The Garden cross spider (Araneus diadematus) is a common and delightful site that is found in gardens up and down the country between June and November. As one of our largest spiders this ‘orb-web spider’ cannot be missed due to its highly distinctive cross of pale spots across its bulbous abdomen. The adult females grow to 15mm (body length), and males to 9mm. Their colours range from a sandy brown to burnt orange or even almost completely black. Garden cross spiders weave enormous and conspicuous orb webs, which if you hunt for, you should still find in your garden, strung across paths, windows, between shrubs and even in front of doors. These busy spiders are night spinners, weaving gloriously elaborate silk web in preparation for a day of hunting to catch their prey, including a host of garden visitors such as butterflies, wasps and flies.
If you accidentally disturb a Garden cross spider on its web it will use it legs to oscillate itself up and down and shake the web, and if it is very severely disturbed, it will drop from its web on a silk thread and lie still until its convinced the danger has passed on and then it will climb back to its web.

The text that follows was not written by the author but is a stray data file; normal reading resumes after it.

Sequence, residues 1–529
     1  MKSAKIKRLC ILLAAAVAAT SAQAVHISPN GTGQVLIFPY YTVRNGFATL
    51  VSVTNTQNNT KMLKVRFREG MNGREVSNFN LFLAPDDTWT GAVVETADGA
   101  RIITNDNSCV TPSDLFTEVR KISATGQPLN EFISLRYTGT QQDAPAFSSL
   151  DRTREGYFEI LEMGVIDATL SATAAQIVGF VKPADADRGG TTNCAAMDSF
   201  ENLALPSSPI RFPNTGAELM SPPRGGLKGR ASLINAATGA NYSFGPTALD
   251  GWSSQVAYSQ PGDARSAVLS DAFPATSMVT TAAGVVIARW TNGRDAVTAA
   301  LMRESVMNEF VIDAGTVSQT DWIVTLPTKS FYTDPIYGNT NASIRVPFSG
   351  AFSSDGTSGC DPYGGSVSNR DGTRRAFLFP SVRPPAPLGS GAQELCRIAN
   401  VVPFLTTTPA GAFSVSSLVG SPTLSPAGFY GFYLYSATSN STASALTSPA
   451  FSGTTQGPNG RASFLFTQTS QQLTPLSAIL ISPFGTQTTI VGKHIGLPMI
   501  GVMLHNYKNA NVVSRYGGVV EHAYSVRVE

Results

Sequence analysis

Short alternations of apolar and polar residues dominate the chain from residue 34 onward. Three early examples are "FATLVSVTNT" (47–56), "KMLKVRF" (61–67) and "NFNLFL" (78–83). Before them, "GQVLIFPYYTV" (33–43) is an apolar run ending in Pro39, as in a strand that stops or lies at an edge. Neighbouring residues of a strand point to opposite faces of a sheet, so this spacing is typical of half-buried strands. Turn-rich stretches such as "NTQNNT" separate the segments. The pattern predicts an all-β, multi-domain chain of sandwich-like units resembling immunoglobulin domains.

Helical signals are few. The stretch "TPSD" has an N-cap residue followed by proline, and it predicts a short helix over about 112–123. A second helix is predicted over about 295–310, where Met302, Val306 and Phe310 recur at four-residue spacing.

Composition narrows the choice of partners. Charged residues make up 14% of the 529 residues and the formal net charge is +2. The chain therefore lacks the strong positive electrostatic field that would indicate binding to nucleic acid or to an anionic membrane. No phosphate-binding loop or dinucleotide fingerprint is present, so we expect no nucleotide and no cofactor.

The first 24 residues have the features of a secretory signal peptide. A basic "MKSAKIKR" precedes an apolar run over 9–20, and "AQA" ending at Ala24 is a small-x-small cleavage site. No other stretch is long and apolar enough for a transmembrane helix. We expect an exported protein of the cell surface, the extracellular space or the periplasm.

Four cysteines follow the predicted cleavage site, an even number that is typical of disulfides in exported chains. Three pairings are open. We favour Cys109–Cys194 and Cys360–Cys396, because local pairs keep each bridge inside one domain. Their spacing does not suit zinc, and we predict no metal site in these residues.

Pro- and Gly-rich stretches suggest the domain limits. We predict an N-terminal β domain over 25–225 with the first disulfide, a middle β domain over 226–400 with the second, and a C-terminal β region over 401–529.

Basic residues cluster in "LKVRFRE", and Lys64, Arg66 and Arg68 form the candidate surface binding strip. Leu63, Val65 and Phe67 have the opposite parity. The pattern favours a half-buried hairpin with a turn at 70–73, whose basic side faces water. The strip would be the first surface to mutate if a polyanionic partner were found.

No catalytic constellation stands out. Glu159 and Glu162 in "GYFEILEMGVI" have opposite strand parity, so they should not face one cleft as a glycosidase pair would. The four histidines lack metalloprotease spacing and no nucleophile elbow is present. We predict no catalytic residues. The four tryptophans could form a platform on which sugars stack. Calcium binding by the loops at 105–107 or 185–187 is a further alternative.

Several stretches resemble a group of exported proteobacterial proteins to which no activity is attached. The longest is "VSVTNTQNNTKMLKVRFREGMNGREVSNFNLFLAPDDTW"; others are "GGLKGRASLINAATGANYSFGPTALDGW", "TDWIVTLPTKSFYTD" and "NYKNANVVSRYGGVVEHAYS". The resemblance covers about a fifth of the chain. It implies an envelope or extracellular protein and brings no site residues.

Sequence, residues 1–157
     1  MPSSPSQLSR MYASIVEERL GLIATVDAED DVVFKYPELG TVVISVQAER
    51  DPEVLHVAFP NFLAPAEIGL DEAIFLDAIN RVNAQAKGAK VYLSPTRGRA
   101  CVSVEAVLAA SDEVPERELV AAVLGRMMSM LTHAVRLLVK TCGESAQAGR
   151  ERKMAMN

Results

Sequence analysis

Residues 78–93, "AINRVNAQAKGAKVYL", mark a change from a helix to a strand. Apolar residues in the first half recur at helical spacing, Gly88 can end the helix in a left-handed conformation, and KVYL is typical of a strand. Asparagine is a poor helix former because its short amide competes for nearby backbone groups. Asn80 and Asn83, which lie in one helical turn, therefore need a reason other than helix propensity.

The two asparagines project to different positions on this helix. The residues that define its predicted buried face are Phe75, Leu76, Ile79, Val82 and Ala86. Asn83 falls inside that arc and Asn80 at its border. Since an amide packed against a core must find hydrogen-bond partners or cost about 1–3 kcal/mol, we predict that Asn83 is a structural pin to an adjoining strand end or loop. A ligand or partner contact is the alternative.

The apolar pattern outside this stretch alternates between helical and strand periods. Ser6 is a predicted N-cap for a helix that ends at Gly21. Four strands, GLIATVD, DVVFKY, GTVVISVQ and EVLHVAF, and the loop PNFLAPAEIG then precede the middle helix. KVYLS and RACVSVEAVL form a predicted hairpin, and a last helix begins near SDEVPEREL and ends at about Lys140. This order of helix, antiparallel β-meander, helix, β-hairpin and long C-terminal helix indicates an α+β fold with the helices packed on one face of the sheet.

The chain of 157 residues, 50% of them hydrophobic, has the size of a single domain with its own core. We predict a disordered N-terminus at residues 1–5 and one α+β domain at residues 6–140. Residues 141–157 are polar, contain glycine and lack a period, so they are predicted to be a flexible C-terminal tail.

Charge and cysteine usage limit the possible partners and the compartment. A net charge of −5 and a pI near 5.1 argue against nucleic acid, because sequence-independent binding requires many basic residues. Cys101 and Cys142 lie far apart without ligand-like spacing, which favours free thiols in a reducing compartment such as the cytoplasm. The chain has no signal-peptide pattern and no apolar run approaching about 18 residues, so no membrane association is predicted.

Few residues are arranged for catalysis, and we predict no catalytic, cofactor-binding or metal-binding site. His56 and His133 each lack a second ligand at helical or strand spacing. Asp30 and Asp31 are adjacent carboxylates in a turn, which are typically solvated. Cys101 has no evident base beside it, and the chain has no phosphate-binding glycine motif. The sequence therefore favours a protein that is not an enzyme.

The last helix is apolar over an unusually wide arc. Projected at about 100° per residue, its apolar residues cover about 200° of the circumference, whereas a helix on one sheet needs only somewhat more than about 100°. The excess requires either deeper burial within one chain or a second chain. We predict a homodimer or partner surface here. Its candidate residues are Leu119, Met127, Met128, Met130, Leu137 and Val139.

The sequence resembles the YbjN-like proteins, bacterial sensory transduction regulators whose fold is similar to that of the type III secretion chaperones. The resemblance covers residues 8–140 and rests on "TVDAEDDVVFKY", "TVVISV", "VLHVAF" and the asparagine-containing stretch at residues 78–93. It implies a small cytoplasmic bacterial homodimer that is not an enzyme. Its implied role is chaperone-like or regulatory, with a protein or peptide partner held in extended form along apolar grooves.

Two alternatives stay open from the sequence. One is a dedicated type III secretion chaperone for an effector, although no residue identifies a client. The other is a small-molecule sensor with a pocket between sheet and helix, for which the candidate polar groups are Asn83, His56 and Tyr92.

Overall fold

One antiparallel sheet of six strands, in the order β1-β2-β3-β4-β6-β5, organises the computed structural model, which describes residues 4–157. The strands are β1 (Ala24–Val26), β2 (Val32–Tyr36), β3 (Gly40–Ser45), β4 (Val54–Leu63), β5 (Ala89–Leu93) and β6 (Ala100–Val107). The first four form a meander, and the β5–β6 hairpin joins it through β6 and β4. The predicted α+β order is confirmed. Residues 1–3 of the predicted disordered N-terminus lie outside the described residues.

Pregnant females are particularly noticable because of their large body, swollen with eggs. Pregnant female Garden cross spiders look much fatter than other spiders. Females protect their eggs by building a silk egg sac, which they lay their eggs in. Once filled with eggs a female will not leave the sac, she will spend her life protecting it and she will eventually die in late autumn before her spiderlings hatch in the following May.
Next May a mass of young spiderlings each with yellow abdomen and a dark patch will hatch out of the egg sac. Once hatched they collect together into a bright yellow bundle of tiny spiders and if disturbed they will wildly scatter, only reassembling when the danger has moved on. After their first moult they will separate, living individually and maturing into fully grown adult spiders after two years.